The highly anticipated follow-up to 2008’s million-selling, hit-spawning Day & Age, Battle Born was recorded almost entirely in The Killers’ own Las Vegas studio of the same name. Lead single Runaways, a small-town drama of epic proportions, is everything you could wish for from the album’s comeback single; an unmistakably American expression of romance and optimism that heralds the band’s return with cyclonic guitars and a chorus big enough to be bellowed from one end of the Mojave to the other.
Battle Born, named after the words emblazoned on the Nevada state flag, a motto that also gave the band’s studio its name, is everything Killers fans have waited for since the group announced they would be taking a break at the start of 2010. The Las Vegas-based 4-piece – Brandon Flowers (vocals/keyboards), Dave Keuning (guitars), Mark Stoermer (bass), and Ronnie Vannucci (drums) – had toured for eighteen months straight in support of Day & Age, from playing their own shows in some of the world’s most prestigious venues – The Royal Albert Hall, Madison Square Garden – to headlining massive festivals in every corner of the globe. By the end of the run, the band had sold over 15 million copies worldwide of their first three albums, Hot Fuss, Sam’s Town, and Day & Age, and had become one of the world’s biggest rock ‘n’ roll bands in the process. But, they had reached a crossroads. Seven consecutive years of recording, releasing albums and touring had left them ready to take time off. In the ensuing hiatus, three of the four Killers released solo albums to critical accolades (and, in Flowers’ case, to #1 chart success), each showing their own musical roots through their solo directions. Then, in April 2011, the band made their first live appearance in over a year, headlining the inaugural Lollapalooza festival in Chile. The magic was undeniable; what The Killers did best, they did best together. Days later, they headed to Battle Born.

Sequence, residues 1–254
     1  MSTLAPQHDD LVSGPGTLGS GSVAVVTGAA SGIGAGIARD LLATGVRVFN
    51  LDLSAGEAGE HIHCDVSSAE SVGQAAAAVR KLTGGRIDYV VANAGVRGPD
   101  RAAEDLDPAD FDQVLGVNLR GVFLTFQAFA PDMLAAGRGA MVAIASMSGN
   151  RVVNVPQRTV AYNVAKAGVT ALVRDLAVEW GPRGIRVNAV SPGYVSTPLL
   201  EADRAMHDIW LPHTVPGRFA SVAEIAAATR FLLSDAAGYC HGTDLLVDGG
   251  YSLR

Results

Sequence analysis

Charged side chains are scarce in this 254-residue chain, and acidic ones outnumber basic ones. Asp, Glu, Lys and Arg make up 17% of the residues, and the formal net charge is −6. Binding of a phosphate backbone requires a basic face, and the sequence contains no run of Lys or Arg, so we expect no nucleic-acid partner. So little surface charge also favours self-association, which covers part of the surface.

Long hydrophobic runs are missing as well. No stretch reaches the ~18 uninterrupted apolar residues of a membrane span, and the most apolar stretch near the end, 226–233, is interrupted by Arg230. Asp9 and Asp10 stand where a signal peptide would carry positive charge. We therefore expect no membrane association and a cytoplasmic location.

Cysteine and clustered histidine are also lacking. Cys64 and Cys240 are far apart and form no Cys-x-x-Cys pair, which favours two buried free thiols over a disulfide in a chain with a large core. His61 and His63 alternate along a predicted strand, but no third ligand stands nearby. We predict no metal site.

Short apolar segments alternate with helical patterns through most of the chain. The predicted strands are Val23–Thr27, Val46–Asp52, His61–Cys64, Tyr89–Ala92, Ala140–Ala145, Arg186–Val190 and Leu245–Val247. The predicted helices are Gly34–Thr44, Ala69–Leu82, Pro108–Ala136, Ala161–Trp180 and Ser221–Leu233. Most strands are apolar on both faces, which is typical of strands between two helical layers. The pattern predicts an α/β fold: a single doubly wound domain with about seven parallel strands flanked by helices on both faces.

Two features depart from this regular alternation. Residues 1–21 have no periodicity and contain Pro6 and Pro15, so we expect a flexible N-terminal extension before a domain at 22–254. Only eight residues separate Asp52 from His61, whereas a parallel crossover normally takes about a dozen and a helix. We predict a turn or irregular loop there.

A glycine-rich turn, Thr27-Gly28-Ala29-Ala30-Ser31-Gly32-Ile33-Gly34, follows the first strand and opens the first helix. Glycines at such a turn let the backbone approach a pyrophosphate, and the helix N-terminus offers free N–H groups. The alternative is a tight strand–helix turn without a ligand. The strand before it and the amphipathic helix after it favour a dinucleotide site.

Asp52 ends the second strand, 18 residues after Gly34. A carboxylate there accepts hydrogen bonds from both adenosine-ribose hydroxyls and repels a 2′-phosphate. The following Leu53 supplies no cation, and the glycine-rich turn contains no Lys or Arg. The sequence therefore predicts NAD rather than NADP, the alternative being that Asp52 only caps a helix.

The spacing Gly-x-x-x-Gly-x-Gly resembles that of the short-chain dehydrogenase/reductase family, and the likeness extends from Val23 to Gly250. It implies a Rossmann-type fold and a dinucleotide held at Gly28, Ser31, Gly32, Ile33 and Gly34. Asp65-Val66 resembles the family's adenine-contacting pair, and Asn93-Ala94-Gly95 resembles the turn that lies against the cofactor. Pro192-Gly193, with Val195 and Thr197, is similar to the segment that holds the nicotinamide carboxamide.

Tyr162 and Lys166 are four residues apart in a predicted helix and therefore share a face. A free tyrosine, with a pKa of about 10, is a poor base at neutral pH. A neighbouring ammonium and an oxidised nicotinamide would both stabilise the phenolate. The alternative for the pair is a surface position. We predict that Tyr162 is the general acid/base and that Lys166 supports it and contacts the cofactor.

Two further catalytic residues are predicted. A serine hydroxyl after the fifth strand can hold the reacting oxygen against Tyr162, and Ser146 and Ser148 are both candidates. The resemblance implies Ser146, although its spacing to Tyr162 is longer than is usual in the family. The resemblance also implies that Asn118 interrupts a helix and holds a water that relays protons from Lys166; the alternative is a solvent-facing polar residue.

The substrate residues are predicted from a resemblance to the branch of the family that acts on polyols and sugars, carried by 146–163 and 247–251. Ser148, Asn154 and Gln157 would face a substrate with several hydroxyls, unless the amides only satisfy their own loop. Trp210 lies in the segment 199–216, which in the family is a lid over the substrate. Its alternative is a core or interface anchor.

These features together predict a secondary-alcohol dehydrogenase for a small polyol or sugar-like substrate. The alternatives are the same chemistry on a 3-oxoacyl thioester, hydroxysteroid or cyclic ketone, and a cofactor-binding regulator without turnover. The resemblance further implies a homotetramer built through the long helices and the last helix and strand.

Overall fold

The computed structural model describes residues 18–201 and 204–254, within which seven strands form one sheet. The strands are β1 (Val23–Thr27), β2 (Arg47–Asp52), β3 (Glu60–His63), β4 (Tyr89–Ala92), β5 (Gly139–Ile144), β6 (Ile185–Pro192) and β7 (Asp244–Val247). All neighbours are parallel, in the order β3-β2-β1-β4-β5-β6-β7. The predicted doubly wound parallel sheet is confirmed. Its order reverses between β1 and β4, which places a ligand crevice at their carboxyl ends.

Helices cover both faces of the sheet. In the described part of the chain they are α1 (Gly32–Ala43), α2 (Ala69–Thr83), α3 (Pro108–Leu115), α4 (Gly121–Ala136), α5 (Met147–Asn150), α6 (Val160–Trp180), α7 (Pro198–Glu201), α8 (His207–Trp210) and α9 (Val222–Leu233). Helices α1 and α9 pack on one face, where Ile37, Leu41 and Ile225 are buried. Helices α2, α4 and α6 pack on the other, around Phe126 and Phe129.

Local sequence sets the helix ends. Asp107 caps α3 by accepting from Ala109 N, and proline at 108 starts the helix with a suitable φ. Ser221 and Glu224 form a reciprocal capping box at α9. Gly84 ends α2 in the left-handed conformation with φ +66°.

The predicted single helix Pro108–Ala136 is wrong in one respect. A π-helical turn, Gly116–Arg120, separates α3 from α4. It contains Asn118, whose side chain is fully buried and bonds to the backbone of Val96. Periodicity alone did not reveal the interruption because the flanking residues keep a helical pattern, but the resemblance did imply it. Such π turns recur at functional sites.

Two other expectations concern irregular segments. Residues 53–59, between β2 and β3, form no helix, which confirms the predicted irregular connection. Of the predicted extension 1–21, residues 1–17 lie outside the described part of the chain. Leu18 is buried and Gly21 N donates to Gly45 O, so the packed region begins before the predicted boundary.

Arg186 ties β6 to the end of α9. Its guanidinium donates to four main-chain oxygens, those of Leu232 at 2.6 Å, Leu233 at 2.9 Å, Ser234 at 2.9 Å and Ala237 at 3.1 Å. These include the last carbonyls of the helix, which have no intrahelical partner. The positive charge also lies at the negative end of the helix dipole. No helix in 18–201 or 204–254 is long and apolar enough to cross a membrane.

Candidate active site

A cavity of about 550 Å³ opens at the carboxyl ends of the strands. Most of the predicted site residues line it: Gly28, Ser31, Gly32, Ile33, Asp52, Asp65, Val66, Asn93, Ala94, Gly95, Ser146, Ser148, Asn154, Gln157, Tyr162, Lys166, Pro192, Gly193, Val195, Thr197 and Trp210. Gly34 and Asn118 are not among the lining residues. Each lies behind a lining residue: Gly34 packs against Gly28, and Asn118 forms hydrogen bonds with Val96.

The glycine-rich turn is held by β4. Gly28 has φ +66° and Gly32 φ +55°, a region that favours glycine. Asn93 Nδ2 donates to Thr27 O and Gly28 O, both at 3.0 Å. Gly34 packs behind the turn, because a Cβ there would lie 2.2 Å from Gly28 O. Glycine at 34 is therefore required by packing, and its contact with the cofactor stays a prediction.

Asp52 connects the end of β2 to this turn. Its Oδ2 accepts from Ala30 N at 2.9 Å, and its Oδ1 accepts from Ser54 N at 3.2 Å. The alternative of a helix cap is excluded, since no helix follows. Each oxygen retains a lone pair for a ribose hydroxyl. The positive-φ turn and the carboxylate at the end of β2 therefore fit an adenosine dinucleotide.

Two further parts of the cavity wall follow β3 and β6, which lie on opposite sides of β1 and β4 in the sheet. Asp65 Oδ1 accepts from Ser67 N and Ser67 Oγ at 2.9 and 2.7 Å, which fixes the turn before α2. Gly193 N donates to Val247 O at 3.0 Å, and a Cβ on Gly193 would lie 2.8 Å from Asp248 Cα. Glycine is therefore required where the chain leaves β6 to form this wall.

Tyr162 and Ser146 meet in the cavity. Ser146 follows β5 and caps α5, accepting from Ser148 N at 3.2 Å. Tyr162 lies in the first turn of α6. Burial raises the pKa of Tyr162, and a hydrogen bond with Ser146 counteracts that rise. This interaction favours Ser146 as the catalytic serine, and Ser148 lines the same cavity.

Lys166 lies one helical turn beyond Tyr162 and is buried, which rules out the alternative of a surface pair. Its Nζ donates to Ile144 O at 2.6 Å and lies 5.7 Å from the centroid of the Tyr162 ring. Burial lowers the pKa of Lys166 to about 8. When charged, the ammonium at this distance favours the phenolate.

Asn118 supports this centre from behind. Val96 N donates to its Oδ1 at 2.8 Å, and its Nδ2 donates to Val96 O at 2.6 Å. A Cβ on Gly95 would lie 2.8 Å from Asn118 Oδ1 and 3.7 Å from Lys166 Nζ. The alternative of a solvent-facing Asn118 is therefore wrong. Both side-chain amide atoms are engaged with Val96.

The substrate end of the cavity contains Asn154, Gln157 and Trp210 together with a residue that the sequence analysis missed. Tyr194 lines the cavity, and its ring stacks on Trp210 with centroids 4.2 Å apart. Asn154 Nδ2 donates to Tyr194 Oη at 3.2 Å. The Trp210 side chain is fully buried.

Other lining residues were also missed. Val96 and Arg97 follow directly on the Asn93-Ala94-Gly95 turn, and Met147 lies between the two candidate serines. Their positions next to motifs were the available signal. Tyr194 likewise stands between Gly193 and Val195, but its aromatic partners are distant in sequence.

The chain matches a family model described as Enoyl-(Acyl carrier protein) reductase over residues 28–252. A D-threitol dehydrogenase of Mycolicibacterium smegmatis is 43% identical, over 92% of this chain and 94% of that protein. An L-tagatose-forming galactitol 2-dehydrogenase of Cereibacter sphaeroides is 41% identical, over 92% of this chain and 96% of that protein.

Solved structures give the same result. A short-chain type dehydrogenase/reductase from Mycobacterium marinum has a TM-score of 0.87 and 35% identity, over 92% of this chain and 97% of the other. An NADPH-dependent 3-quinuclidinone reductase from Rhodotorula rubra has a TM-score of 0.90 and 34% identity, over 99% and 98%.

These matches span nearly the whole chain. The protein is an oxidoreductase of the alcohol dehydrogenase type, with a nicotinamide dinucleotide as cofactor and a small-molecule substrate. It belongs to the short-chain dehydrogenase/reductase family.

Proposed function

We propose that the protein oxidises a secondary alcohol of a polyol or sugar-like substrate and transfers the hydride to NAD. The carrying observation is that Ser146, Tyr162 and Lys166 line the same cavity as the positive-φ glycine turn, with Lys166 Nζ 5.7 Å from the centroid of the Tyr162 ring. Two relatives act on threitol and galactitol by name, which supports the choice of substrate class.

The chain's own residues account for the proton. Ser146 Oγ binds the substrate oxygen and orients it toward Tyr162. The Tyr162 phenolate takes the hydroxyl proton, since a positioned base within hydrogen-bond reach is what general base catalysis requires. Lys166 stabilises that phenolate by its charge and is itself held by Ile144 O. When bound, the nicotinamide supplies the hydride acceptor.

The songs came quickly, starting with Runaways, followed by the record’s heart-string-tugging emotional gravity-centre “Here With Me,” and the stadia-quaking electro-rock of “Flesh & Bone.” When the time the band had refined the body of songs, they put together a dream team of producers, recording in fits and starts and trying new things with each. The list of those involved was a who’s who of the production world, including Daniel Lanois, Steve Lillywhite, Damian Taylor, Stuart Price and Brendan O’Brien.
The process of working with so many of music’s finest sound sculptors has proved to be one that has benefited The Killers enormously, giving them a keener understanding of their own sound, and the resulting album is The Killers at their greatest. Battle Born incorporates elements of each of the records that came before it – Hot Fuss’ storytelling eye for detail, the yearning, mythic American rock ‘n’ roll of Sam’s Town, the anthemic choruses and pop nous of Day & Age – while still forging an entirely new path for the band. It’s an album written with the live audience in mind. The guitars are heavier, the drums more powerful, the vocals more commanding – the record is quintessentially Killers, while sounding bigger and better than ever before. It is an album that, like its namesake and the band that created it, does not back down from its own strengths.
The Killers play UK dates later this year, beginning by headlining V Festival (Aug 18/19), warming up for the festival with an intimate, low-key show at Leeds 02 Academy on August 17th. Watch this space for more!
See Behind The Scenes at Battle Born Studios with NME.com